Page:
Hoyas Roll Towards Tournament
By March 13, 2013 0 721•
Basketball has changed since 1979, when the Big East first became a major national major college basketball conference, but last Saturday’s 61-39 butt-kicking of Jim Boeheim’s Syracuse team by the Georgetown University Hoyas at the Verizon Center had a mighty familiar look to it: a keen, raw, riotous rivalry playing itself for the last time as part of a Big East regular season.
You could sense that this game had a whiff of the 1980s going on—John Thompson, Jr, big, talkative as ever was there and so was Patrick Ewing, the Hoya center who helped Thompson make three trips to the Final Four, with an NCAA championship to boot.
This time, it’s John Thompson III—chosen Coach of the Year in the Big East Conference as it is now constituted—and star player Otto Porter, Jr., who have rocketed the Hoyas to a share of the Big East regular season title, and a number five national ranking and a possible number 1 Seed in the ensuing March Madness known as the NCAA Basketball Tournament.
What’s not the same is what college basketball has become—the Hoyas, almost out of self defense, are leading the way to the formation of a new Big East conference composed primarily of East Coast Catholic universities which don’t have a major football program. Syracuse, which always had a major football program (remember Jim Brown?) will flee to the Atlantic Coast Conference, which does have a major football program and an even more major basketball program. Splitting up conferences, making new ones, teams moving from one conference to another at the drop of a ca-ching is the norm these days. Most major college athletic conference are unrecognizable today—it’s no longer about proximity and geography but about television revenues and ratings.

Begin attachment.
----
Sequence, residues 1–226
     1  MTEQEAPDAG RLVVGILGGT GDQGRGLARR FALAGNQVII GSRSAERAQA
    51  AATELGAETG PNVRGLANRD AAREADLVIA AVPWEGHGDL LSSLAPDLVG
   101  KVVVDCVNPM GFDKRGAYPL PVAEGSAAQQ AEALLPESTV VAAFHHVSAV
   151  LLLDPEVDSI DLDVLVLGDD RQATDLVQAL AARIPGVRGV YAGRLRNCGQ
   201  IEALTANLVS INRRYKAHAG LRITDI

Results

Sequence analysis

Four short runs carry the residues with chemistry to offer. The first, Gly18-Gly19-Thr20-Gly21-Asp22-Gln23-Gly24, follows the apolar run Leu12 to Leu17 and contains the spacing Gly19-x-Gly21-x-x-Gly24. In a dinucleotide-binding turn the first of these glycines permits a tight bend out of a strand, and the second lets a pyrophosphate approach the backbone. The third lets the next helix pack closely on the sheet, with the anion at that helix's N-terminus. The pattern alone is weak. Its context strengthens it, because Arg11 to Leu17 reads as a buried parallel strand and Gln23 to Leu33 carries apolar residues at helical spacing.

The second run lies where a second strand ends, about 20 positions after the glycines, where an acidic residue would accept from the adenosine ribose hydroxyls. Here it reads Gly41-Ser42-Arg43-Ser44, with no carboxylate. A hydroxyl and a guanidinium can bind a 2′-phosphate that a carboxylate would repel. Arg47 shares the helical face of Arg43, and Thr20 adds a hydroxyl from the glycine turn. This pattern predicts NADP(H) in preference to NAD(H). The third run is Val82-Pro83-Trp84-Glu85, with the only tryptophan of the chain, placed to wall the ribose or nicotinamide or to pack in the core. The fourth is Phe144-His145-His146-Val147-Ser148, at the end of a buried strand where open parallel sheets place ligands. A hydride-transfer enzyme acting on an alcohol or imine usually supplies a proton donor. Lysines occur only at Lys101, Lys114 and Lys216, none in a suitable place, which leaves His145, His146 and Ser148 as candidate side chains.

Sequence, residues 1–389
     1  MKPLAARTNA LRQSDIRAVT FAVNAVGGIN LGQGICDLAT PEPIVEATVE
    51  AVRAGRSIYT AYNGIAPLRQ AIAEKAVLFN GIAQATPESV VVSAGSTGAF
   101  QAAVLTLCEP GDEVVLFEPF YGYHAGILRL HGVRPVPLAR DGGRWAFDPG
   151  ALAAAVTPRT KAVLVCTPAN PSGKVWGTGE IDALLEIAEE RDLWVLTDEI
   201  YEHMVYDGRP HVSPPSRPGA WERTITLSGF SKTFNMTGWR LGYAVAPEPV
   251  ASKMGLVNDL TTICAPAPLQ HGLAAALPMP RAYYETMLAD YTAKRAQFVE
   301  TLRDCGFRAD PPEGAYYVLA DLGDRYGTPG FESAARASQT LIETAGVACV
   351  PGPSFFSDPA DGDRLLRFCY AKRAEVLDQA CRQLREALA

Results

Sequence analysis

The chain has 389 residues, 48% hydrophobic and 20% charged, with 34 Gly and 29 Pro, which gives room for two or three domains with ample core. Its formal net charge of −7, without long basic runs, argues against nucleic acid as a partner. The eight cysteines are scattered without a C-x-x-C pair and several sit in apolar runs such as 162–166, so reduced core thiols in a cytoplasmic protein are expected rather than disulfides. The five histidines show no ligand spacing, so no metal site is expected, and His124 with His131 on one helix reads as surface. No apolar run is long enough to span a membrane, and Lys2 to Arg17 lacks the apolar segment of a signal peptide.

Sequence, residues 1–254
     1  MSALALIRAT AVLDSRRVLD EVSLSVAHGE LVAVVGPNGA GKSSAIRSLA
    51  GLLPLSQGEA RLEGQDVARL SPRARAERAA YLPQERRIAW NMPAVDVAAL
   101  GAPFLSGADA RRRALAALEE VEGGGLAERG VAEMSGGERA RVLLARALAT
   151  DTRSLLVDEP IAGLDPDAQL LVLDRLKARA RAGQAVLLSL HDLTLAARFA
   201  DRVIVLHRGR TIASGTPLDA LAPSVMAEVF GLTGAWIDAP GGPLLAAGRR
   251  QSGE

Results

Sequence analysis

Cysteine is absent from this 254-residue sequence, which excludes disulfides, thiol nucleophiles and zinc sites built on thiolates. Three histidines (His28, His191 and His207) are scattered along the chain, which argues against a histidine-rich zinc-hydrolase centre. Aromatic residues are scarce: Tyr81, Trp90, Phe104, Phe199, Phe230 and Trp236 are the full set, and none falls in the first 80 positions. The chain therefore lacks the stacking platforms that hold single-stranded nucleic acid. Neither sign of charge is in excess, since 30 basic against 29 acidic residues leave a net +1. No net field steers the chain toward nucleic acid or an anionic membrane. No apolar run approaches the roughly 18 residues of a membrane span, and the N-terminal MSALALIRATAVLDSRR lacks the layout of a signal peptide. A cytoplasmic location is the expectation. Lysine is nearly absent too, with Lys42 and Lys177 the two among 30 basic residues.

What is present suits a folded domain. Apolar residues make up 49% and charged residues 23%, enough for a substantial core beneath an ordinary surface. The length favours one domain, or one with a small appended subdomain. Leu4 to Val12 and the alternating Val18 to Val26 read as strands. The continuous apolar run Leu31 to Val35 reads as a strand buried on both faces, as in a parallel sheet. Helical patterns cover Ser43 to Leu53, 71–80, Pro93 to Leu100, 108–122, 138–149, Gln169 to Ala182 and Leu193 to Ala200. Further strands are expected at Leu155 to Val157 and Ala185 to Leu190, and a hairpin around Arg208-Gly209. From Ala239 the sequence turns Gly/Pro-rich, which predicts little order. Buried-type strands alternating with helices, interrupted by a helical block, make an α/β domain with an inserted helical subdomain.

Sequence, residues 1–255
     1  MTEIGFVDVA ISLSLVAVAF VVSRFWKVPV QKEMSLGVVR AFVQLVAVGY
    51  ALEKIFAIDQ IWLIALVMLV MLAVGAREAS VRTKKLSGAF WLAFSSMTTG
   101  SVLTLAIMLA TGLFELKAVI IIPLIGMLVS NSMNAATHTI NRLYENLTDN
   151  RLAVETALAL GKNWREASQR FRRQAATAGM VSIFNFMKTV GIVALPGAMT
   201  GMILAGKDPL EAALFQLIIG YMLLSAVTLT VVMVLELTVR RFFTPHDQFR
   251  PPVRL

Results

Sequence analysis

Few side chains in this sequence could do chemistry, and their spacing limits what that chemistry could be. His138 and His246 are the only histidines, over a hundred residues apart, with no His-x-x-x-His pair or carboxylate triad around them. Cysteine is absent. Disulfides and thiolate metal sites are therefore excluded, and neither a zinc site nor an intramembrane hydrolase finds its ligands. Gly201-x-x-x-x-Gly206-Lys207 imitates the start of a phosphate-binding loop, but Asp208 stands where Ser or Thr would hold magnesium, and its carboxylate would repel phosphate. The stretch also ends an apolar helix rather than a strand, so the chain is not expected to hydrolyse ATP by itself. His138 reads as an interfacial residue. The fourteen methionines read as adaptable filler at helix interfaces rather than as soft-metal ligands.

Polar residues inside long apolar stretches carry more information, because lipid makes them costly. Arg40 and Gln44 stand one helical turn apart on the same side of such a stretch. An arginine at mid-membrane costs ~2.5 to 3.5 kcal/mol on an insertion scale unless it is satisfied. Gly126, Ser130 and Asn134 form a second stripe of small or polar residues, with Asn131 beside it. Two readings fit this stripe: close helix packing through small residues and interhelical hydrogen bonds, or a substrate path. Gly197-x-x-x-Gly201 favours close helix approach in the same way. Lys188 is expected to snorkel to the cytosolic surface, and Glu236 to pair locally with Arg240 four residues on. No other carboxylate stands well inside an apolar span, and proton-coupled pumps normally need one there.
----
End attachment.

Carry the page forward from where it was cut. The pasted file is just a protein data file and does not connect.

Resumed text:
A new Big East conference with the Big East title will begin playing next year composed of Seton Hall, De Paul, Georgetown, Marquette, Providence, St. John’s and Villanova.
Meaning, there’s the last Big East (as it stands now) Conference tournament coming up with the Hoyas taking on either Cincinnati or Providence at noon in a quarterfinal game at Madison Square Garden Thursday.
The Final Four brackets and seedings will be announced at the conclusion of the nationwide tournament games Sunday. Currently, Georgetown is ranked No. 5 in the nation behind Louisville, Indiana, Duke and top-ranked Gonzaga, a first ever for that school.
Basketball has changed in other ways, too. Rumors have it that Porter might enter the NBA draft after this season, a fairly common occurrence in NCAA basketball, where Kentucky now routinely sees almost an entire freshman class go pro, which pretty much happened last year when the Wildcats won the title.
Ewing was part of an era during which John Thompson, Jr., could build a team around the talented Ewing (the Hoyas almost upset North Carolina when Ewing was still a frosh) and still had him around as a senior. With Ewing, the Hoyas lost in the last minute to a Michael Jordan-led North Carolina squad, did not make the final the next year, then beat Houston for the national title in 1984, and lost to Villanova in a heartbreaker in 1985.
The Hoyas represent Georgetown University, but they also captured and continue to capture the hearts of the people of Washington and its sports fans.